The technology sector is the one where so much of our hopes are pinned. Once again it dominates the top 10 list of brand values globally, but this year Google has been supplanted by Apple as the world's most valuable brand. Facebook also made its first appearance in the top 100 at number 35. The power of these brands and their platforms is indicative of the movement in technology toward ‘cloud' computing, where data and applications are stored in giant data warehouses and accessed, as required, by consumers through portable devices.
A journalist tried to trip up Enda Kenny on the issue of cloud computing during the election campaign and to his embarrassment was wrong footed when the Fine Gael leader gave an assured response. It seems the Taoiseach was right, cloud computing and its derivative elements are where Ireland should look for the next generation of high tech industries. The days when we were competitive at assembling computer hardware are history and ominously perhaps for one of our largest employers the BrandZ report states: ‘as applications and files move to clouds it potentially becomes less critical to have an Intel inside'.
BrandZ Top Ten Brands
- China Mobile
- General Electric (GE)
BrandZ Top 100 Brands compiled by WPP
Irish food suppliers should look to the impressive performance of fast food brands globally, a sector which increased by 22 per cent in brand value, as a source of growing market demand. Breakfast in particular is cited as a meal targeted by brands from McDonald's to Starbucks as a key driver of growth, and one that was able to tack on a ‘take out' lunch business.
The growth of the Subway brand in Ireland is a good example and one whose fresh food image resonates well with Ireland's as a fresh food producer, particularly after the e coli scare in Germany. The country is well positioned to make gains in breakfast foods, with anything from dairy, to black pudding and rashers, to porridge oats. We have strong brands in them all.
Another indicator of the return to growth in the global economy is the uplift enjoyed by luxury goods brands. The likes of Louis Vuitton, Chanel, Cartier and Moet & Chandon have all recorded increases in brand value. BrandZ reported that "in a world of mass-produced consumer goods, bespoke attention to individuality became the ultimate luxury. And it provided a rational reason - if needed - for justifying an emotional, expensive purchase".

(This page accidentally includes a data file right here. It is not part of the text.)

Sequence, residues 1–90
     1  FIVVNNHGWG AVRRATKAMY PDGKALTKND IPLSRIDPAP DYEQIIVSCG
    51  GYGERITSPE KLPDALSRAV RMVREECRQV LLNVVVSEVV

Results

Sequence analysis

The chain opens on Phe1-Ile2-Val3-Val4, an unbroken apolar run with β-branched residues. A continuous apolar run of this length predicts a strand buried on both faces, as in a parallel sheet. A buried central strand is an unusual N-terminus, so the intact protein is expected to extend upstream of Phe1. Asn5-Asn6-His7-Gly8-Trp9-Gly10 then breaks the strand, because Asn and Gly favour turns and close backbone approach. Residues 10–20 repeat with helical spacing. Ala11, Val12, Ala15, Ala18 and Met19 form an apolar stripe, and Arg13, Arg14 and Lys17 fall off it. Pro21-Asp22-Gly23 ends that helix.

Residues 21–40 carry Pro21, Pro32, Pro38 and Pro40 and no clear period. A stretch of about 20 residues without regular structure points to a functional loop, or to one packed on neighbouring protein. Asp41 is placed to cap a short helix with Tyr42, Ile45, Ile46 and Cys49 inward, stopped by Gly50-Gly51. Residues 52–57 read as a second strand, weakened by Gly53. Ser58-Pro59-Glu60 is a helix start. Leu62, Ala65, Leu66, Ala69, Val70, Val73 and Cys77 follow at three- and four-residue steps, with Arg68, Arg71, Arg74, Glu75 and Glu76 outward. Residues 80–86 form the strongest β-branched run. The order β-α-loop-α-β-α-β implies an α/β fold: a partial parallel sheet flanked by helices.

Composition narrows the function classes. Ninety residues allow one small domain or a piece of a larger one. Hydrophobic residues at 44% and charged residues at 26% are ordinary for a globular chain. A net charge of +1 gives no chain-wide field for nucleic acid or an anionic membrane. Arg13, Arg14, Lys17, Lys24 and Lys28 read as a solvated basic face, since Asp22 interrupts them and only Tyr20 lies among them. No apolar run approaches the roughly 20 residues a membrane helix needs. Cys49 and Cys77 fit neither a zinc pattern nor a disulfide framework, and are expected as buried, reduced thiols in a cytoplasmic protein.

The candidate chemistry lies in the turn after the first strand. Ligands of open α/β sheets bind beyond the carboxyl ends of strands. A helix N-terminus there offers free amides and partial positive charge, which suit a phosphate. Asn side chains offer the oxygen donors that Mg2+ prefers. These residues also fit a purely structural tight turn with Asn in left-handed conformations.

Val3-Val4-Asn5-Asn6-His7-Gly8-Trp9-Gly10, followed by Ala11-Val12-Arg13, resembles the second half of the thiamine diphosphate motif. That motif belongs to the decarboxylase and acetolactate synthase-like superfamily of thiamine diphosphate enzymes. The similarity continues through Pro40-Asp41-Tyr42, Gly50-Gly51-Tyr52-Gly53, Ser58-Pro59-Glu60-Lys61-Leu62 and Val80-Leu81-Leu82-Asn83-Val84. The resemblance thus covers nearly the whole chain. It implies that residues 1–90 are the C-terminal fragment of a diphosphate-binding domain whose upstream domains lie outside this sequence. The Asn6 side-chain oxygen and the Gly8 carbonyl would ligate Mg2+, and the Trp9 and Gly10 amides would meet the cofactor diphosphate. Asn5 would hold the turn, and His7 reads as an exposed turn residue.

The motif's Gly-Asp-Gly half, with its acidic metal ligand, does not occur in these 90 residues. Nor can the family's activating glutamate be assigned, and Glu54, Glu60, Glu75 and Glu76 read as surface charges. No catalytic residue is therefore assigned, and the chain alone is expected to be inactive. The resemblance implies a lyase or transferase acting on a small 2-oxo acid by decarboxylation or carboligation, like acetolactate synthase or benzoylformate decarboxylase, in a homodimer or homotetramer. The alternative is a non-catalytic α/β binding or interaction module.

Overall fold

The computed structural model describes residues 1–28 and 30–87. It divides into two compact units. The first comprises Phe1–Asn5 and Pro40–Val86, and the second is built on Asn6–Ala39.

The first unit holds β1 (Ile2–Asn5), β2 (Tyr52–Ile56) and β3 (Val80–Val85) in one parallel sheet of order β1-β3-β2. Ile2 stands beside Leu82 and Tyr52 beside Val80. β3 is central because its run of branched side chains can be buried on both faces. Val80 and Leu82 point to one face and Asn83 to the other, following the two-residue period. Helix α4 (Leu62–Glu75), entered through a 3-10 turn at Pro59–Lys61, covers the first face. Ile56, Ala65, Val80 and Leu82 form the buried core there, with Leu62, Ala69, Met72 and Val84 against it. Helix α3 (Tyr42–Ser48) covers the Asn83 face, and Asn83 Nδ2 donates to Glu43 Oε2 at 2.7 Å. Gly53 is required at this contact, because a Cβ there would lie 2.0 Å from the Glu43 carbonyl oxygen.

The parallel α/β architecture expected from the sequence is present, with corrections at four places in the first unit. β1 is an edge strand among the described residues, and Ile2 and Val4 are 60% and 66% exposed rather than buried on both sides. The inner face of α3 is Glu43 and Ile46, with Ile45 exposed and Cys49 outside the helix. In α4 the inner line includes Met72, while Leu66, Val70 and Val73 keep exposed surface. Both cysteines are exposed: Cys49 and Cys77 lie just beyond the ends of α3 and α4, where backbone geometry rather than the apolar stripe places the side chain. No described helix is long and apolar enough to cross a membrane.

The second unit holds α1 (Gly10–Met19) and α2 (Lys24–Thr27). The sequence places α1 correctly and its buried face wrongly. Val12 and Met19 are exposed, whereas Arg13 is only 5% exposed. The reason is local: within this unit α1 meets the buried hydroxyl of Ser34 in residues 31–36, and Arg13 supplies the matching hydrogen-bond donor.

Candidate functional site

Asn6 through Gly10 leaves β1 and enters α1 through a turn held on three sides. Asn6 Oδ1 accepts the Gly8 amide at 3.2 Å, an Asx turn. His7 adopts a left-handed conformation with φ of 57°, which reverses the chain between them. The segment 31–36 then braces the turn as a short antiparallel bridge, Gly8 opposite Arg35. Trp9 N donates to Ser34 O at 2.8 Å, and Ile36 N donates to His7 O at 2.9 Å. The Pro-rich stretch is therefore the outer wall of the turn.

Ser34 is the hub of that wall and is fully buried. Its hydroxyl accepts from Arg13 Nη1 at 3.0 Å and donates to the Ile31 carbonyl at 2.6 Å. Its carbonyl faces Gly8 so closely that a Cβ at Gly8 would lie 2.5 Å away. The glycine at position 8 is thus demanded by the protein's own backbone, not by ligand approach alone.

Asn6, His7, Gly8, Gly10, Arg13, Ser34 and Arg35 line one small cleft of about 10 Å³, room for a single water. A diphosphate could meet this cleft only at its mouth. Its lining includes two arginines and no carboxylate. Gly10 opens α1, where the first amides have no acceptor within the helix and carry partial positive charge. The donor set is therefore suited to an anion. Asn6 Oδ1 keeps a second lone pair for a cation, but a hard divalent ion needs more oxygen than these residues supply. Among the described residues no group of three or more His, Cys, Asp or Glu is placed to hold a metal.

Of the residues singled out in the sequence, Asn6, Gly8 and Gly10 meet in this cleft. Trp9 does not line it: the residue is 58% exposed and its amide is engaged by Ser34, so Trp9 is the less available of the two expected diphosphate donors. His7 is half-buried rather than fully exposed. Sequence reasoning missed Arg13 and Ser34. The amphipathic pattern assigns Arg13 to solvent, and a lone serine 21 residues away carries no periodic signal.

The trend presents opportunities for Irish businesses. From world famous designers to local craftspeople, products from Midleton whiskey to Irish silver and ceramics all fit into this category of luxury goods: unique products to sell to tourists and export. If understated luxury is now more in keeping with the times then surely Irish goods can target this demand.
Brand power is growing all over the world again and Irish industry can leverage this growth to its advantage if we are to successfully sell our goods on world markets and restore our competitive advantage. The fortunes of global brands speak much of where we ought to direct our energies and harness our talents to best advantage.
What of financial institutions? Well, we all know too well that in this country financial brands are toxic and their equity has been wiped out. But do global trends point to what might emerge eventually as a new financial environment in this country? Globally, the sector is recovering in brand value with a nine per cent increase since last year.
Much of this is driven by growth in the Bric markets of Brazil, Russia, India and China, where Chinese banks in particular are forging strong brand relationships. Of the European banks, only Spain's Santander makes the top 20, underling the shift in the global power stakes. BrandZ notes that in the US restoring trust in banks is still an issue as the fear of foreclosure remains high. It is likely that in Ireland the banks that were too big to fail will struggle with brand equity for some time yet and the worst offenders wound down.